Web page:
Manstein, Christopher Herman De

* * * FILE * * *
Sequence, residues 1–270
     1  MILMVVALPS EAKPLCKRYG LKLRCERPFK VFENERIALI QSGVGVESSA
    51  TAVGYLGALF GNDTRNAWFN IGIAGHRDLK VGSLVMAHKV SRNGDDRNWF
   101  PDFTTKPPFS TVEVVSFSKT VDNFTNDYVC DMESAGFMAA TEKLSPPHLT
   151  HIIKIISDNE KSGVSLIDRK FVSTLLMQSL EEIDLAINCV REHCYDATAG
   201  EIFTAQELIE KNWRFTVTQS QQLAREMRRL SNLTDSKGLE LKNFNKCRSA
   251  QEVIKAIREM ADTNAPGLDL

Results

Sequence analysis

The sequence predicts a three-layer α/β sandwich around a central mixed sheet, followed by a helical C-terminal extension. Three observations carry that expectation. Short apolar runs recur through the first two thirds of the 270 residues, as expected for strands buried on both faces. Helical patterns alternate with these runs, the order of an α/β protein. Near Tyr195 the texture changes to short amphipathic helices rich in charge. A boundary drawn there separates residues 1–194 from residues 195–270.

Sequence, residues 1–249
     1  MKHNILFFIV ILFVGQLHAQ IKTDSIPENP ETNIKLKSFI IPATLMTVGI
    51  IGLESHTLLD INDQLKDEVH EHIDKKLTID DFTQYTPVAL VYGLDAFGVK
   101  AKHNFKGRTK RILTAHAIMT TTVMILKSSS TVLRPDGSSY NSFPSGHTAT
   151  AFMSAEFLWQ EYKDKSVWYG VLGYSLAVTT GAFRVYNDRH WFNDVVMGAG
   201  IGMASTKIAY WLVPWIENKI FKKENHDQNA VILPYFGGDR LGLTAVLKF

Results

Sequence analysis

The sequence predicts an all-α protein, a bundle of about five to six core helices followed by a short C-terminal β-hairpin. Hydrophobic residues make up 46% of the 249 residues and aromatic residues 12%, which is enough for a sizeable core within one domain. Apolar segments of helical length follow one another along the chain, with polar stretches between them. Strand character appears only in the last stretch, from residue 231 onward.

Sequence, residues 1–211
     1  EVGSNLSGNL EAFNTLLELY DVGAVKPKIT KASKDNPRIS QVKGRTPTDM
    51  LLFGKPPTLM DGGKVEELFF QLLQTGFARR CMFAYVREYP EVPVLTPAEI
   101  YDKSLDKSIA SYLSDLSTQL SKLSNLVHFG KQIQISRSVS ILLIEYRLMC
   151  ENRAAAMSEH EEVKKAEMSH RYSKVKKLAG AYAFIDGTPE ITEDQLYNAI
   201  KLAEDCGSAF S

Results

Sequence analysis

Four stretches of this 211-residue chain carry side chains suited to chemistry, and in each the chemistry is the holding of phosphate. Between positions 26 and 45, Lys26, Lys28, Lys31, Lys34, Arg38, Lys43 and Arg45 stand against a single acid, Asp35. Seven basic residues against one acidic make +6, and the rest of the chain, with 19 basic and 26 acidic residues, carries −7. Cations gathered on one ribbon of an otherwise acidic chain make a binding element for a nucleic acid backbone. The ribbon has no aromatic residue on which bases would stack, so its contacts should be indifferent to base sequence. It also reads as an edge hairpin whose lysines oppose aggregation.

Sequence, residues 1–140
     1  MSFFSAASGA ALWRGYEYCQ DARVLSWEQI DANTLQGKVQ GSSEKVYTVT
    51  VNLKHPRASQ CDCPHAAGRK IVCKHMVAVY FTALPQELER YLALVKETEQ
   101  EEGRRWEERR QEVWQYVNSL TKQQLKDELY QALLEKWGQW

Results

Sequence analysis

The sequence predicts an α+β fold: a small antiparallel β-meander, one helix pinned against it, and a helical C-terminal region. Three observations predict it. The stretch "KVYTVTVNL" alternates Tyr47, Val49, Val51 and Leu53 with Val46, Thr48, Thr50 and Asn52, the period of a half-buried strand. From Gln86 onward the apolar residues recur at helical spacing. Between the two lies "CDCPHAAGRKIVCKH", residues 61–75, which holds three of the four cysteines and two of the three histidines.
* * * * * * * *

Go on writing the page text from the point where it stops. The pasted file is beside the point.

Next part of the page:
, a celebrated Russian officer and writer, was born at Petersburgh in 1711. He was first a lieutenant in the Prussian service, and afterwards a captain of genadiers in the Russian regiment of Petersburgh. At the death of the czarina Anne, he was employed to arrest the Birons, who were then the regents and the tyrants of the young prince Iwan III. who rewarded his services by the rank of colonel, and some estates in Ingria. But when the throne of that prince was seized by the czarina Elizabeth, Manstein lost at once his | regiment and his lands. Some time after, he entered again into the Prussian service, where he acted as a volunteer in 1745; and having sufficiently signalized his abilities and courage, was appointed major-general of infantry in 1754. In the war of 1756, he fell the very second year by a shot; leaving two sons and four daughters. His “Memoirs of Russia,” printed at Lyons in 1772, in 2 vols. 8vo, are at once historical, political, and military. They contain the principal revolutions of that empire, and the wars of the Russians against the Turks and Tartars; besides a short sketch of the military and marine establishments, and also of the commerce of his country. These memoirs comTnence in 1727, with the reign of Peter II. and close with the first year of the empress Elizabeth. They are considered as deserving of much reliance from the truth of the facts, and the sincerity of the author. 1